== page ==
Local

March 6, 2015
 

Irwin, High Desert communities look toward energy conservation

Story and photo by G. A. Volb
Public Affairs Office

Good stewardship of taxpayer funding and natural resources is a Department of Defense priority, with facilities worldwide looking toward more efficient methods of operating.

Fort Irwin and the National Training Center are no different, even leading by example when it comes to embracing high-tech solutions to energy requirements and natural resource conservation. Several major projects are currently in progress.

“We are building a 1-meggawatt Concentrated Solar Photo Voltaic farm, a waste-to-energy plant that will take our municipal waste and turn it into useable power and a new water treatment plant guaranteed to exceed a recovery rate of 99 percent,” said Muhammad Bari, head of Directorate of Public Works here. “We’re also making use of many different types of state-of-the art energy conservation systems that will help us move toward a NET Zero foot print.”

The NET Zero projects refer to buildings or operations with a “net zero” energy consumption, meaning the amount of energy used annually is roughly equal to the amount of renewable energy created at the site. The end result from a DoD perspective is a friendlier environmental footprint and huge cost savings to American taxpayers.

Efforts at Fort Irwin haven’t gone unnoticed by civic leaders in the high desert who, in an effort to cut costs and conserve natural resources locally, have sought out legitimate options. That quest brought members of the Hesperia Chamber of Commerce to Fort Irwin recently for an overview of NET Zero projects and other energy saving initiatives.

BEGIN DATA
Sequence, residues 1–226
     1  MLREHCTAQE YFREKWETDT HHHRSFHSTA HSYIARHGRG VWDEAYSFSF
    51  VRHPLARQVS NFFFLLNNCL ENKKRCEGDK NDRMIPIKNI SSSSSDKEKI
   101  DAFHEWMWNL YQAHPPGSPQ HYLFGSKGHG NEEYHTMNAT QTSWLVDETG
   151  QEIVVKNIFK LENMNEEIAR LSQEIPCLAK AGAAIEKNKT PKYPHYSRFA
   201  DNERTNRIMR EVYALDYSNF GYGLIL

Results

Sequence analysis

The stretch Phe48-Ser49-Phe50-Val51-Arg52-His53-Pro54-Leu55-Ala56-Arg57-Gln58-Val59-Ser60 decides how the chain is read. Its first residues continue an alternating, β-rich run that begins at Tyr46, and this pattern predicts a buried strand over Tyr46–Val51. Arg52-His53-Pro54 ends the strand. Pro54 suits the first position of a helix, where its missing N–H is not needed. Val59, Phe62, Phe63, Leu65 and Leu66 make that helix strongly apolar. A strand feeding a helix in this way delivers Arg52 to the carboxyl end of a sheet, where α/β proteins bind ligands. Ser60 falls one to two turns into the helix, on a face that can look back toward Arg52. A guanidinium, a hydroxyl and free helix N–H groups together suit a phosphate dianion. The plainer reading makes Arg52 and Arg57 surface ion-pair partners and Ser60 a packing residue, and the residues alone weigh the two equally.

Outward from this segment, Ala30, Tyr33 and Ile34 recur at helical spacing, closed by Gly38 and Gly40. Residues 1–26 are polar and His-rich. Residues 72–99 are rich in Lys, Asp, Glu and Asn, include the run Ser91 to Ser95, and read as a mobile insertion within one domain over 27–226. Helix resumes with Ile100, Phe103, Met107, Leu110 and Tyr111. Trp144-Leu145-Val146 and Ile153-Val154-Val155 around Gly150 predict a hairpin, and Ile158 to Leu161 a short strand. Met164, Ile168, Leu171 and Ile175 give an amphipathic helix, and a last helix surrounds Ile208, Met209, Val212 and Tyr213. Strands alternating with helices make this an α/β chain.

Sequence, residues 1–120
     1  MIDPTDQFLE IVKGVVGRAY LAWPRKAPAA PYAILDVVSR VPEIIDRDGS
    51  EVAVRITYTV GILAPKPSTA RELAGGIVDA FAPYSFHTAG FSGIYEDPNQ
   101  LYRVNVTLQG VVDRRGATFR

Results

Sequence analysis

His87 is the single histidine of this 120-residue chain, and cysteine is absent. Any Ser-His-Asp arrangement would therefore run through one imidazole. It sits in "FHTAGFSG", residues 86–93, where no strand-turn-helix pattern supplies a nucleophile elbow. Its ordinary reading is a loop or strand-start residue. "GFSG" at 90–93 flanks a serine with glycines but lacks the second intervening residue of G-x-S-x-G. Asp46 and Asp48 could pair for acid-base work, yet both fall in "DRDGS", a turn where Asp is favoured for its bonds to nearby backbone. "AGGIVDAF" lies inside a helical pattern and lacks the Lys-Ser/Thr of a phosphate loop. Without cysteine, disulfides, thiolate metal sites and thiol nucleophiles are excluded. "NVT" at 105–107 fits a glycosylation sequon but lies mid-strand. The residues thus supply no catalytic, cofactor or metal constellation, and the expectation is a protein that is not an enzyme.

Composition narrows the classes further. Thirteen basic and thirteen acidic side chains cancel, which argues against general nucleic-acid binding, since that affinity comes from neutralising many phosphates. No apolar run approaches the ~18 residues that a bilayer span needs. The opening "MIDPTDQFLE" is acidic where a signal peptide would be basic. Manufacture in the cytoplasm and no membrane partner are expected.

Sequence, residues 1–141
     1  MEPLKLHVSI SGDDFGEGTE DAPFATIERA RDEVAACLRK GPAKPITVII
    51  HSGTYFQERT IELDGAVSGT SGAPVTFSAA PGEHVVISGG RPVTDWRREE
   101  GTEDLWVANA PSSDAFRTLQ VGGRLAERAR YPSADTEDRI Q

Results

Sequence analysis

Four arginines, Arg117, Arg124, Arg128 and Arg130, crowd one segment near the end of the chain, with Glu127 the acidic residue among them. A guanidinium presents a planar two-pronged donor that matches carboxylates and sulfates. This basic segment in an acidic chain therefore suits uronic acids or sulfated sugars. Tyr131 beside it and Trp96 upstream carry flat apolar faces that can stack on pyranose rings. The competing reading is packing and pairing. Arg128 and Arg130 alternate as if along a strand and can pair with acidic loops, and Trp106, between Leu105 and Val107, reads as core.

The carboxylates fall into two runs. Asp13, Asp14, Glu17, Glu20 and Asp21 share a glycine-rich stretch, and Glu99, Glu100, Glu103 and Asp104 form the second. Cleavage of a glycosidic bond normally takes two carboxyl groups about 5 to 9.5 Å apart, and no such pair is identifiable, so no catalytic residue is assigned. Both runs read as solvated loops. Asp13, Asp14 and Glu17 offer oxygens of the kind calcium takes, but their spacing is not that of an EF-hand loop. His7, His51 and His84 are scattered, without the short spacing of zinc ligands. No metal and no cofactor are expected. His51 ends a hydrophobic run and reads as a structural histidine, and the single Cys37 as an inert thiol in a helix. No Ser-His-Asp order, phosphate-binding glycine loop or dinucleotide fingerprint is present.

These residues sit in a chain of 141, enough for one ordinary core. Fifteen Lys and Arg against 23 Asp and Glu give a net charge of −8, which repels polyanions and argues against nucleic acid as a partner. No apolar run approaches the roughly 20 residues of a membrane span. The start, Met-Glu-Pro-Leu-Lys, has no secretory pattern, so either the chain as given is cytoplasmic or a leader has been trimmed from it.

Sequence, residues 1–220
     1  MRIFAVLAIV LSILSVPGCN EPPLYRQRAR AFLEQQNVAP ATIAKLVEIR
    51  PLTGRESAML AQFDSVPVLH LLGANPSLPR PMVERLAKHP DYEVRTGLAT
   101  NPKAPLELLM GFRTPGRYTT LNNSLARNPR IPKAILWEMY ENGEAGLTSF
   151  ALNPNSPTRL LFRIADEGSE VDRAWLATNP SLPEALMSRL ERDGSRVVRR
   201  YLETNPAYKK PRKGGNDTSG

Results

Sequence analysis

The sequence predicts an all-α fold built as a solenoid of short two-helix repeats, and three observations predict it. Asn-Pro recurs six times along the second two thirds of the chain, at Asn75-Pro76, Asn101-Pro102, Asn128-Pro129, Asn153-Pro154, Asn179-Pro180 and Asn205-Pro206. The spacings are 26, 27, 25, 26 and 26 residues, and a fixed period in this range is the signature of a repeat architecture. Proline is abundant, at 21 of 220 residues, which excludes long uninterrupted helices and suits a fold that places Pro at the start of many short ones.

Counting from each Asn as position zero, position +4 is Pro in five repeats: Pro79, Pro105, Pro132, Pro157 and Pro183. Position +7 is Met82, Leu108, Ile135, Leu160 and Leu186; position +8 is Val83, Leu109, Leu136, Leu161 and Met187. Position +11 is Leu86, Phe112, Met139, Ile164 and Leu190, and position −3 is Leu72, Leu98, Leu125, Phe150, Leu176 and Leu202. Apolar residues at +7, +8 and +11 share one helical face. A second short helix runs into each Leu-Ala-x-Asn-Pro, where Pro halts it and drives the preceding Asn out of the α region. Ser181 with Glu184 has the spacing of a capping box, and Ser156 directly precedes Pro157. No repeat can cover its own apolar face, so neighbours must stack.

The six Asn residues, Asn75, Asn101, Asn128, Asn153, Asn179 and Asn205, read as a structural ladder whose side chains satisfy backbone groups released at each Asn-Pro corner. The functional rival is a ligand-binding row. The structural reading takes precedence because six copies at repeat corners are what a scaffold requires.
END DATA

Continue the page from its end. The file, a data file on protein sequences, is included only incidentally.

“The most impressive project is still under construction, so we were impressed just standing on a windy hilltop watching cranes move equipment into place, but we weren’t looking at the cranes as much as looking into the future,” said Brad Letner, president and chief executive officer of the Hesperia Chamber of Commerce.

Hesperia, a city of approximately 90,000 residents, is about 80-miles southwest of this post and is looking to lead the charge in the high desert’s public sector.

Letner said that “thanks to Fort Irwin’s recent outreach to area cities, we were aware of the cutting edge ‘net zero’ advances at Fort Irwin.”

“This visit will definitely help Hesperia engage our energy challenges and waste management,” said Letner. “The projects we saw at Fort Irwin gave us not only the knowledge of cutting edge methods of energy conservation and energy generation, but also established a personal relationship with Fort Irwin leaders who made them happen. Fort Irwin has set a high standard in overcoming the challenge of time and distance to engage and partner with their local communities.”

Bari stated that Fort Irwin is a major partner in bringing new resources to the high desert.

“We team up with Barstow, Apple Valley and Hesperia Chamber of Commerce and the high desert chapter of SAME (Society of American Military Engineers) to discuss our future plans, so the local businesses can participate in the NTC mission success and our public works staff is always available to support the high desert community.”




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